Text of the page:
What is cancer?

According to the American Cancer Society, cancer is a group of diseases characterized by uncontrolled growth and spread of abnormal cells. If the spread is not controlled, it can result in death. Although cancer is often referred to as a single condition, it actually consists of more than 100 different diseases.

Cancer can arise in many sites and behave differently depending on its organ of origin. Breast cancer, for example, has different characteristics than lung cancer. It is important to understand that cancer originating in one body organ takes its characteristics with it even if it spreads to another part of the body. For example, metastatic breast cancer in the lungs continues to behave like breast cancer when viewed under a microscope, and it continues to look like a cancer that originated in the breast.

Cancer types can be grouped into broader categories:

  • Carcinoma - cancer that begins in the skin or in tissues that line or cover internal organs.
  • Sarcoma - cancer that begins in bone, cartilage, fat, muscle, blood vessels, or other connective or supportive tissue.
  • Leukemia - cancer that starts in blood-forming tissue, such as bone marrow, and produces large numbers of abnormal blood cells that enter the bloodstream.
  • Lymphoma and myeloma - cancers that begin in the cells of the immune system.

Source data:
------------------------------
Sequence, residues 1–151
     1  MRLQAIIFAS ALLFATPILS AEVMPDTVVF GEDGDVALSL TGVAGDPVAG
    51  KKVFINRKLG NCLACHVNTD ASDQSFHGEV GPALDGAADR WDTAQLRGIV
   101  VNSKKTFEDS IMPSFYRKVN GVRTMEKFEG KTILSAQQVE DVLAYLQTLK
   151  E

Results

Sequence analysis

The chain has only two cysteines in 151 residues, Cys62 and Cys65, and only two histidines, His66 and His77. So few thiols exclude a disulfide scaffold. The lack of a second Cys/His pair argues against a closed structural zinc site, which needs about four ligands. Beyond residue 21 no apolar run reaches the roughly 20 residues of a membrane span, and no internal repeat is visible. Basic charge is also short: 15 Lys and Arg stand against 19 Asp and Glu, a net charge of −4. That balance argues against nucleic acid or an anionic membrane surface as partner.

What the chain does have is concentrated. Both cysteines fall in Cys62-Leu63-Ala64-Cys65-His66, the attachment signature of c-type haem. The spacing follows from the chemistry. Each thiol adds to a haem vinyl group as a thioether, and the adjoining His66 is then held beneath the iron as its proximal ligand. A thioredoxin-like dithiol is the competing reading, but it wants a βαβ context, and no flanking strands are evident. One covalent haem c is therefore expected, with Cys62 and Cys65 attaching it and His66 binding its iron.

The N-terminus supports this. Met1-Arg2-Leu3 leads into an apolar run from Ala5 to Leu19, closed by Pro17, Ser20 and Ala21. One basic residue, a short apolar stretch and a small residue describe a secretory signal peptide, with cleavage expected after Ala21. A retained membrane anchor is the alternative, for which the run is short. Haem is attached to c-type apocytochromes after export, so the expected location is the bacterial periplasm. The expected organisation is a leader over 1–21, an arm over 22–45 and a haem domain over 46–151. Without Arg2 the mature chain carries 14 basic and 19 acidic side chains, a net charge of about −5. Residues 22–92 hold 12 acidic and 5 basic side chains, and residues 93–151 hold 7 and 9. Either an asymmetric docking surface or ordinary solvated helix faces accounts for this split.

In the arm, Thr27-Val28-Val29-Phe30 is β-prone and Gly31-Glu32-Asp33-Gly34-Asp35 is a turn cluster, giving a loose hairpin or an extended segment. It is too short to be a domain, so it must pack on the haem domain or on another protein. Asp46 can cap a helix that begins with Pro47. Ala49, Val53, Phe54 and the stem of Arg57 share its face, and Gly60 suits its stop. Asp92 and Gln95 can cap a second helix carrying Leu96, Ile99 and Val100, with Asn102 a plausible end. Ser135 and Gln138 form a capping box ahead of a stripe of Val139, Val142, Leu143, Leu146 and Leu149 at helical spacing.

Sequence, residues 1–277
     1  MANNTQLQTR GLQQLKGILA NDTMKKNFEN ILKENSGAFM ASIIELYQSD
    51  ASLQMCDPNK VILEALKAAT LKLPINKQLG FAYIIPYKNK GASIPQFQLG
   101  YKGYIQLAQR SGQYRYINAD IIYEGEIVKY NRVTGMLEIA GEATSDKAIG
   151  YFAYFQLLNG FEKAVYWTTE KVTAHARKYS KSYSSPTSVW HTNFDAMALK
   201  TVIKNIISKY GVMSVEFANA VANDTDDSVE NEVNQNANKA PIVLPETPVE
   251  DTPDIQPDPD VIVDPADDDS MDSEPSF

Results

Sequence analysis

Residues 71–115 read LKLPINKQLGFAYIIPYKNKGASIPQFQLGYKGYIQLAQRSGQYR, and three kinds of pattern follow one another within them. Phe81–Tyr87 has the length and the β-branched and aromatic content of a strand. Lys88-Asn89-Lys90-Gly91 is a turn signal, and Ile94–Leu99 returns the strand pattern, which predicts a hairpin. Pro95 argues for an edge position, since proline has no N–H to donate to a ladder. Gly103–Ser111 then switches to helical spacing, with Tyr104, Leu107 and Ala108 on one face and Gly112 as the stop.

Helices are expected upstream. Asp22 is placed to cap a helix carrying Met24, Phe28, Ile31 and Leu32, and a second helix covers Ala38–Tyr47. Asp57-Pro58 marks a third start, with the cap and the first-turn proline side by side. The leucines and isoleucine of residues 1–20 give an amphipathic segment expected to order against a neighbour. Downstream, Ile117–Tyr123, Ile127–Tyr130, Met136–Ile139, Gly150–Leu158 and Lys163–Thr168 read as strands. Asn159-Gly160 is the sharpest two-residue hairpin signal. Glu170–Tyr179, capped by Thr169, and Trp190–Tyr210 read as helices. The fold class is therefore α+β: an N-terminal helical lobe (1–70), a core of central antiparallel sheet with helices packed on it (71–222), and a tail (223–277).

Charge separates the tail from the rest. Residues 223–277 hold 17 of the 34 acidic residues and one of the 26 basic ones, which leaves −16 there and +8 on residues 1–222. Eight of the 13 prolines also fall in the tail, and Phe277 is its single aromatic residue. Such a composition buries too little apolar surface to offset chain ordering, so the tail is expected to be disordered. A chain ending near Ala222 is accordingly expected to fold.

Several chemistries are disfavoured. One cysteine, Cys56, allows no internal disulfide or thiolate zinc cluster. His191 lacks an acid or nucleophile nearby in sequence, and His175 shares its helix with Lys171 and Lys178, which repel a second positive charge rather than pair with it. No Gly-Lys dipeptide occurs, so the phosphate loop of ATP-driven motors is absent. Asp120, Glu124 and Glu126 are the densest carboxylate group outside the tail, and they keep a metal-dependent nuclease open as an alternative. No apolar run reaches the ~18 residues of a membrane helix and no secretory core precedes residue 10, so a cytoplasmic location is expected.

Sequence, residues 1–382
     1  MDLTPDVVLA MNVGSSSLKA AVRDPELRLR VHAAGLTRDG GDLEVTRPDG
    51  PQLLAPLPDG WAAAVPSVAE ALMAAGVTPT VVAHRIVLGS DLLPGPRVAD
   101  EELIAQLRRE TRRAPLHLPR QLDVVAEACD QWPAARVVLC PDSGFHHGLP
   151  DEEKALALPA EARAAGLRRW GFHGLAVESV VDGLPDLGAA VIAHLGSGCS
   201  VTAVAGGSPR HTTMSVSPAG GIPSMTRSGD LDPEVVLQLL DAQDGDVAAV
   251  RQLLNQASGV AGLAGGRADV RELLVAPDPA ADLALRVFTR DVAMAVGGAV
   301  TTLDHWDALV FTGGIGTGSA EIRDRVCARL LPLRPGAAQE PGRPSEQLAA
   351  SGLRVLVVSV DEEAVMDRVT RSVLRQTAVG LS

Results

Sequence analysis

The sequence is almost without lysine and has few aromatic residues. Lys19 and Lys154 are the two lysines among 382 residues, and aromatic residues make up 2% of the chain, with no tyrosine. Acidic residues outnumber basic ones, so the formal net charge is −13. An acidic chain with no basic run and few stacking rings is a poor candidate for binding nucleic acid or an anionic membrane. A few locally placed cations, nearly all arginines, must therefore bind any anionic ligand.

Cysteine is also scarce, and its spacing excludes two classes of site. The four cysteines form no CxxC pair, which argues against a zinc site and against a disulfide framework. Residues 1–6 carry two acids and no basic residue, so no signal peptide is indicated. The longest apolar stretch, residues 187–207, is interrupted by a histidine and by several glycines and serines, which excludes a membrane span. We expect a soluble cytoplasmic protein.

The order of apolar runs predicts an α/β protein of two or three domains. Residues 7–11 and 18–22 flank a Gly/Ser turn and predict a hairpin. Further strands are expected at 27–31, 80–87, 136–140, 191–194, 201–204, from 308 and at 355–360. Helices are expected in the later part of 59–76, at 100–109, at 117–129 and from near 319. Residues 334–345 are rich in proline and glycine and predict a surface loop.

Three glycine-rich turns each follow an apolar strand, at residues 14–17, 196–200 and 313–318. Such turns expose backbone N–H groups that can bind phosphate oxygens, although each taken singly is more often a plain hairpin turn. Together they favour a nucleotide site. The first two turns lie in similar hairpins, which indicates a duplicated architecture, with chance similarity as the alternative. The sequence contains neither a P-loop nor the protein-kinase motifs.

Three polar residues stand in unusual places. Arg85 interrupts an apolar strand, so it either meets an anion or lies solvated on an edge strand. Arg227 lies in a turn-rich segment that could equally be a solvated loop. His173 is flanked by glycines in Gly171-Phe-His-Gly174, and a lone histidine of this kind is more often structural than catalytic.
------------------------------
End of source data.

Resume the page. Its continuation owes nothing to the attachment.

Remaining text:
• Central nervous system cancers - cancers that begin in the tissues of the brain and spinal cord.

What are the conventional treatments for cancer?

Cancer treatment can take many different forms, and it is always tailored to the individual patient. Treatment decisions depend on:

  • The type and location of cancer
  • The extent to which the cancer has already spread
  • The patient's age, sex, and general health status
  • The patient's personal treatment preferences

The conventional cancer treatment is to remove all or as much of the tumor as possible and prevent the recurrence or spread of the primary tumor.

The major types of treatment are listed below.

  • Surgery involves the removal of a visible tumor and is the most frequently used cancer treatment. It is most effective when a cancer is small and confined to one area of the body.
  • Radiation kills tumor cells. Radiation is used alone in cases where a tumor is unsuitable for surgery. More often, it is used in conjunction with surgery and chemotherapy.
  • Chemotherapy is the use of drugs to kill cancer cells. It destroys the hard-to-detect cancer cells that have spread and are circulating in the body. Chemotherapeutic drugs can be taken either orally or intravenously, and may be given alone or in conjunction with surgery, radiation, or both.
  • Immunotherapy uses the body's own immune system to destroy cancer cells. This form of treatment is being intensively studied in clinical trials and is not yet widely available to most cancer patients.
  • Hormone therapy is standard treatment for some types of cancers that are hormone-dependent and grow faster in the presence of particular hormones. These include cancer of the prostate, breast, and uterus. Hormone therapy involves blocking the production or action of these hormones. As a result, the growth of the tumor slows down and survival may be extended for several months or years.
  • Bone marrow transplantation is the removal of marrow from one person and the transplant of the blood-forming cells either to the same person or to someone else. Bone marrow transplantation, while not a therapy in itself, is often used to rescue a patient, by allowing those with cancer to undergo very aggressive therapy.